The Crookston School District is paying performance contractor Johnson Controls $20,000 to assess the three public school buildings and determine what needs to be done to make them more sound structurally, mechanically and efficient. That process involves close inspection of roofs, walls, air-handling systems and more.
It also involves reaching out to school staff, students and the public to find out what people "value" in their schools and in their community.
"It's not just roofs, cooling and heating, but the things we as a school, community, staff and student body have passions about," Superintendent Chris Bates explained. "This will help the school board in many ways as we face the many complex decisions we have to make in the near future."
The school board does have some weighty issues on its plate relating to not just the three schools, but the swimming pool as well, which the district owns. The pool is in dire need of a roof and has major air-handling deficiencies that need to be addressed. The high school has roof issues, too, and Washington School needs some work.
Years ago, the district entered into a ten-year contract with Johnson Controls, which works with school districts and other municipalities and entities across the Midwest. The contractor took measures to improve energy efficiency in the school buildings and, the theory goes, the district used the energy savings to pay Johnson Controls $200,000 a year over the life of the contract. Johnson Controls would like to coordinate the district's efforts to tackle the latest building-related issues, thus, this $20,000 evaluation process. The school board earlier in the winter OK'ed the $20,000 expense, as long as it was understood that it bound the board to nothing, that the board could choose to hire any contractor(s) it wanted to, based on the information Johnson Controls provided after its evaluation.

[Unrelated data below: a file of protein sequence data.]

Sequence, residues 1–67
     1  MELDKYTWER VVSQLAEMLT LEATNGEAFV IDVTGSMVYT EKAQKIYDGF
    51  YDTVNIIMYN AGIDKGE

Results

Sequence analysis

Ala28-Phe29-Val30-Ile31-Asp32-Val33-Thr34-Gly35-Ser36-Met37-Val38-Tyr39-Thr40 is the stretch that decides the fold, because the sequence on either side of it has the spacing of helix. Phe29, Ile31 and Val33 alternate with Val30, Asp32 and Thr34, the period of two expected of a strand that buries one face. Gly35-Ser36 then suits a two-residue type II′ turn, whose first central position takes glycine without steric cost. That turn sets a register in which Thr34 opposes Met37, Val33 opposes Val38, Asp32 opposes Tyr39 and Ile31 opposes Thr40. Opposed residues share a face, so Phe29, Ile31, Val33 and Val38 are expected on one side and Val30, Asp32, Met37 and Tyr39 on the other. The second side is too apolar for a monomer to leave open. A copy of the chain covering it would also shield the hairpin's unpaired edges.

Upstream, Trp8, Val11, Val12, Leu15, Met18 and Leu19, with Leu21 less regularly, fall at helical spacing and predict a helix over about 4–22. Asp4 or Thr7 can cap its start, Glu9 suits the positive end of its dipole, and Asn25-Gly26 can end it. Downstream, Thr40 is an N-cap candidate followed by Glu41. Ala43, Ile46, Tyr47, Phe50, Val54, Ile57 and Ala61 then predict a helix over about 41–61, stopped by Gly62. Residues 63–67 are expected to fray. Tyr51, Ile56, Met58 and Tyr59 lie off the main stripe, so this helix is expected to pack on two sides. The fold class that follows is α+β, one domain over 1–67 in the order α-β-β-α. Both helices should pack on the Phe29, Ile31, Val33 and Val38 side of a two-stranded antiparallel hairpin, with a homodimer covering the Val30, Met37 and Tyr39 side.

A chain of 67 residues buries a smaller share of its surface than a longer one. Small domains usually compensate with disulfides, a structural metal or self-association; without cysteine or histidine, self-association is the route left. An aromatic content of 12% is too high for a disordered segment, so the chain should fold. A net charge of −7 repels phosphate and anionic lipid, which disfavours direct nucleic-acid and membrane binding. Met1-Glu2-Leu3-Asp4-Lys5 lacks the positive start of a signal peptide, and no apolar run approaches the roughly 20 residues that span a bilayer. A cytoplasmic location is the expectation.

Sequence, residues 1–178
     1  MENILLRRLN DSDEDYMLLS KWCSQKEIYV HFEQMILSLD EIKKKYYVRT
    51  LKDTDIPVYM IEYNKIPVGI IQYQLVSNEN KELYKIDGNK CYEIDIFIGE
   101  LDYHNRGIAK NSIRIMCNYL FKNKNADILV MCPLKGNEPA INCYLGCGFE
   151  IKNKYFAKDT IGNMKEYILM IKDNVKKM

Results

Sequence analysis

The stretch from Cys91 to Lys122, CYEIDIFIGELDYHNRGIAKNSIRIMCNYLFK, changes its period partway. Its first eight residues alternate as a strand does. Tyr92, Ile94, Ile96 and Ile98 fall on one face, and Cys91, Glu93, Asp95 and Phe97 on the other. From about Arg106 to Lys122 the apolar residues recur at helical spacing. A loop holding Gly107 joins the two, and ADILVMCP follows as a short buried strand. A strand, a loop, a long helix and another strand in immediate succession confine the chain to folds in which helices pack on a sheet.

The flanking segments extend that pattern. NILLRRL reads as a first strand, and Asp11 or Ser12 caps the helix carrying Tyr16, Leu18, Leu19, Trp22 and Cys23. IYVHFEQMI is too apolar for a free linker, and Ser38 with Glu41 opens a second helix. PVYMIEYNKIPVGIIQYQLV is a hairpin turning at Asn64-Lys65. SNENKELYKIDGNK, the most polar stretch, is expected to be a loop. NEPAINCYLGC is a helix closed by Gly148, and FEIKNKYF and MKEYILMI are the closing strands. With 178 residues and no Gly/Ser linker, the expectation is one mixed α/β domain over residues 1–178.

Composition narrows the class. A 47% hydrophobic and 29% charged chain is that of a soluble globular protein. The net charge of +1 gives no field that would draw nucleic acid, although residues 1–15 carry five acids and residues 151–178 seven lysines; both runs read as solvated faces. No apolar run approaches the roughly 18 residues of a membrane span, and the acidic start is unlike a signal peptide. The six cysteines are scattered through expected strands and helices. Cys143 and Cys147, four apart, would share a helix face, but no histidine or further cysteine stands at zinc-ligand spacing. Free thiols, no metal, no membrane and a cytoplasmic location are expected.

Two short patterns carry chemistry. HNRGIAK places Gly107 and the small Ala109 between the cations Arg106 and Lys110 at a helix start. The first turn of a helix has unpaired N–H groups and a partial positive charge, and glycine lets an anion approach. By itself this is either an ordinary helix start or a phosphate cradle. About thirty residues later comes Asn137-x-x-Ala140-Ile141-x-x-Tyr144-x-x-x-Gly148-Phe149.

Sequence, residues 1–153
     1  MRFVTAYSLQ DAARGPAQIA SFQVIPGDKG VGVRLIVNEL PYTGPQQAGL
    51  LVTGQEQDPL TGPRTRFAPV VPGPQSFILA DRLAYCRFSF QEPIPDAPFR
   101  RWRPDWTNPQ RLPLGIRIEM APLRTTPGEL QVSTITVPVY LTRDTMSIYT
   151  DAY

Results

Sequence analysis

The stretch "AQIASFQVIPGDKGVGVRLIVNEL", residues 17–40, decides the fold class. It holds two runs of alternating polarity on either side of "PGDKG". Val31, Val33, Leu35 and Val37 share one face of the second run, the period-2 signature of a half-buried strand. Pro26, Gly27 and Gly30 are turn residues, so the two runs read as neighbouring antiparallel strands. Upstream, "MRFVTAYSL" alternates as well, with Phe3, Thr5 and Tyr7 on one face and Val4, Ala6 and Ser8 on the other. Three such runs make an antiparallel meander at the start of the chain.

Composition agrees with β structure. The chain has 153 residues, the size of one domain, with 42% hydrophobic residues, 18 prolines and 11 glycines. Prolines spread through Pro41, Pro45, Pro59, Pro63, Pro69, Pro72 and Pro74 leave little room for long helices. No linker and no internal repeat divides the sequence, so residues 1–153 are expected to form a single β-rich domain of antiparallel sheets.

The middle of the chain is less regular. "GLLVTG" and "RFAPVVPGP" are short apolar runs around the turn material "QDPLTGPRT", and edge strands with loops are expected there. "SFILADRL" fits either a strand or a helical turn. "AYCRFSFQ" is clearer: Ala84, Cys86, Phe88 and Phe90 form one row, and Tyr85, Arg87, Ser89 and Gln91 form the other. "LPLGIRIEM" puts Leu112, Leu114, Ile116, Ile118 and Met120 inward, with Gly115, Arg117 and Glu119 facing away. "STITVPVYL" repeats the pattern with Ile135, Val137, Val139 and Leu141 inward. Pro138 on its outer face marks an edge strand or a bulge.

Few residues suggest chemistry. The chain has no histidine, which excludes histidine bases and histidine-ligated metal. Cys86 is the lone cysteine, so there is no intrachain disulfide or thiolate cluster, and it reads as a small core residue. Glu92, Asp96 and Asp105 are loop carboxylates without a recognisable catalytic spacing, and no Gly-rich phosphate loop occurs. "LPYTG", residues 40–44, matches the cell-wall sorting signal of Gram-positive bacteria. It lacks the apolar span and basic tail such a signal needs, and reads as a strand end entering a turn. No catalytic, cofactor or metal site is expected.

But back to that "values" component. Johnson Controls representatives had scheduled a series of meetings on March 4-5 with students, teachers and other staff in all three schools, as well as the school board and administration. The winter storm led to all of the meetings being postponed a week, so now they'll be held over two days next week, March 11-12.
One especially important meeting, Bates said, will be held on Monday, March 11 at 6 p.m. in the high school auditorium, to which Johnson Controls invites the general public. Bates encourages teachers and staff to invite their friends in the community to come. "The more people that attend, the better off we will be," he said. "No one should feel excluded or left out."
The feedback Johnson Controls receives at the meetings will become part of the "values definition" it includes in its evaluation.
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